“Innovative Investigations of Language in Autism Spectrum Disorder”
Edited by Letitia R. Naigles
American Psychological Association
Washington, D.C., 2017
Authors provide insights about language’s role in ASD
Reviewed by Kerry Morrison, Psy.D.
As any clinician can attest, the diagnoses of neurodevelopmental disorders such as Autism Spectrum Disorder (ASD) have been on the rise for the last 10-20 years. What was once a very uncommon diagnosis for those working with children in outpatient or school settings, has now become a mainstay.
Yet, the understanding of the ASD diagnosis and how language fits into it is a hotly debated issue among practitioners and researchers alike. This edited book takes a fresh look at this very issue and provides new insights into the role of language in both the diagnosis and the clinical understanding of ASD.
“Innovative Investigations of Language in Autism Spectrum Disorders” begins by discussing the significant changes that were made to the diagnosis. In the current edition of the Diagnostic and Statistical Manual of Mental Disorders-5, the clause “deficits in language and communication,” were dropped from the criteria for ASD, leaving only deficits in social communication.
In the International Statistical Classifications of Diseases and Related Health Problems (ICD-10), the diagnosis was not changed, but deficits in language and communication are no longer required symptoms for the diagnosis. The text describes how the deletion of this criterion is a game changer in the field for those who research and treat ASD.
The major premise of this volume is that language impairment has long been thought to be a core component in determining ASD along with deficits in social interaction and restrictive and repetitive behavior.
The authors insightfully discuss that with the removal of deficits in language and communication from the two primary diagnostic and classification manuals (DSM-5 & ICD-10), clinicians have been divided in their thinking about how language in a broad sense, factors into our working knowledge of ASD or the standard diagnosis of childhood autism.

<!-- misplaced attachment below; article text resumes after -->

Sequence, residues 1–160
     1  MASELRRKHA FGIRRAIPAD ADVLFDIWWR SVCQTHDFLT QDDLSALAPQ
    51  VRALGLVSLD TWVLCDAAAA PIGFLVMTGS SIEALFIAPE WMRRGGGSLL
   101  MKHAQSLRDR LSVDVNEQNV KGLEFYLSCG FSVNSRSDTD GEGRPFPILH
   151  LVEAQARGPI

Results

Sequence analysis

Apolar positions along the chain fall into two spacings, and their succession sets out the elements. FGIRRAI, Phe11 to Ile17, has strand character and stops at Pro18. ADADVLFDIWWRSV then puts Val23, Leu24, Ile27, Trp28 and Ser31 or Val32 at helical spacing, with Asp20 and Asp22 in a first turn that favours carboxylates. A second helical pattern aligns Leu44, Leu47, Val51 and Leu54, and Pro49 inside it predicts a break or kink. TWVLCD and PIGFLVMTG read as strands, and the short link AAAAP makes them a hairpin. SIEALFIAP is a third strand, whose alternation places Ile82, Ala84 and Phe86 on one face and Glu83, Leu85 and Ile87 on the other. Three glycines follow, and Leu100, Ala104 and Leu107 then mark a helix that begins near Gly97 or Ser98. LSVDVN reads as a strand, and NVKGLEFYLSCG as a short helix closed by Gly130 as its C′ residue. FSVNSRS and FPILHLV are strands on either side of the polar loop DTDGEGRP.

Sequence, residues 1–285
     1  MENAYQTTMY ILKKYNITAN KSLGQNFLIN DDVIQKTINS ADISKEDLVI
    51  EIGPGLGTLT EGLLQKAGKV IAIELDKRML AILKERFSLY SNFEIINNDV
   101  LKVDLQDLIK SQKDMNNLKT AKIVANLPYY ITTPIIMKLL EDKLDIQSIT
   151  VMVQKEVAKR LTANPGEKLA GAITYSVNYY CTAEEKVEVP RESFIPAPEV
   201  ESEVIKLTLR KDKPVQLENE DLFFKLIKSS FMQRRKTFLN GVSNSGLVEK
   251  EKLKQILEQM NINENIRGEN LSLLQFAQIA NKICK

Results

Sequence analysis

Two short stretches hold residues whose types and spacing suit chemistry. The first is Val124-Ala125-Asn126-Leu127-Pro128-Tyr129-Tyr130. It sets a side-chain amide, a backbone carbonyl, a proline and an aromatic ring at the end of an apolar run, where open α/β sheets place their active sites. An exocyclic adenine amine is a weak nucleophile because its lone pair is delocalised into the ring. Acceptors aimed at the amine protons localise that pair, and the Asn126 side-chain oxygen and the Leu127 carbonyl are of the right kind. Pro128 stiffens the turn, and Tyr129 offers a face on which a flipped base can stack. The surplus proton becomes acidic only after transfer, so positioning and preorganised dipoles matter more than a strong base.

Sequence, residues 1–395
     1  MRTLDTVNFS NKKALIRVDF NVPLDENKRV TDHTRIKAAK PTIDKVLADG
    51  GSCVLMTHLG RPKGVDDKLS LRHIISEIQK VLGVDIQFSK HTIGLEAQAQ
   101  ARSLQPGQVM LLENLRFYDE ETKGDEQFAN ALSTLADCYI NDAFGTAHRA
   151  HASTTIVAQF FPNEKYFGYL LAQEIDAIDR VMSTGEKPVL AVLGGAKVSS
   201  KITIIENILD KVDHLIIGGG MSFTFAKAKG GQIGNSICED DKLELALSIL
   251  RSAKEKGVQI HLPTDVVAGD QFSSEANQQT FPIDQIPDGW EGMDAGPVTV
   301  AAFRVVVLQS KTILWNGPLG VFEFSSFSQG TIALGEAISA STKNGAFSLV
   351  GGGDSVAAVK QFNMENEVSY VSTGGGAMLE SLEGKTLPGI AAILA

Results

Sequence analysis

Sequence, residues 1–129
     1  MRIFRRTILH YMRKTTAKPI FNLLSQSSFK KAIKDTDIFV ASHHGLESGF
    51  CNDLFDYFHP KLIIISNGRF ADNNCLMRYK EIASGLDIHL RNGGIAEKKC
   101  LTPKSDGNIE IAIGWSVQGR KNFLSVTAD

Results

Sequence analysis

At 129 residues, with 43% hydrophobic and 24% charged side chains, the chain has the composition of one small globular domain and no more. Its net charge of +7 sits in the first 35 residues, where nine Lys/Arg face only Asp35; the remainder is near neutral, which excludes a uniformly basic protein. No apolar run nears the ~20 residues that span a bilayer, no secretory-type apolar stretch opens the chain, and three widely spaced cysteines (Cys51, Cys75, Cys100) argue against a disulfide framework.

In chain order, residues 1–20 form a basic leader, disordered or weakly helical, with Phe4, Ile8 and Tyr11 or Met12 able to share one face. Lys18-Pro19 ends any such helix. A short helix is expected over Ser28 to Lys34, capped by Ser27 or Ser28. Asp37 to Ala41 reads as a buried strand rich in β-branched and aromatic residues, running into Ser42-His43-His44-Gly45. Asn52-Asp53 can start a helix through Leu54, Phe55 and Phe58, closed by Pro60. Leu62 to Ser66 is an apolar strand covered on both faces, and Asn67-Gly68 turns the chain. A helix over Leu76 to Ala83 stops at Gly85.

Clinicians are aware of the enormous variability in language in those diagnosed with ASD, ranging from intact language to severe deficits and delays. Therefore, there is incredible heterogeneity in the role of language in ASD.
The aforementioned manuals focus on the deficits in the social uses of language such as nonverbal behaviors in social interactions, (specifically eye contact, facial expressions, posture, body language and gesture), views language as communication in a broader context.
This muddies the waters for many clinicians who are struggling to make diagnostic distinctions between ASD versus speech and language disorders that are separate from ASD. The book provides a more in depth look at making those differential diagnoses.
This current publication presents a new wave of research, theories and methodologies into the role of language in ASD. The authors are experts in communication disorders, developmental disabilities, clinical psychology and theoretical linguistics.
They raise many interesting concepts that add to understanding the puzzle piece that language plays in ASD and in developing a social pragmatic framework for treatment.
This book can be a useful primer for clinicians – beginning and seasoned, as well as educators. It fully addresses a highly disputed topic in contemporary psychology.
Kerry Morrison, Psy.D., is a psychologist for the Department of Developmental Services in the Central/West Region of Mass., who also has a private practice, consults, teaches and provides training on a range of mental health topics.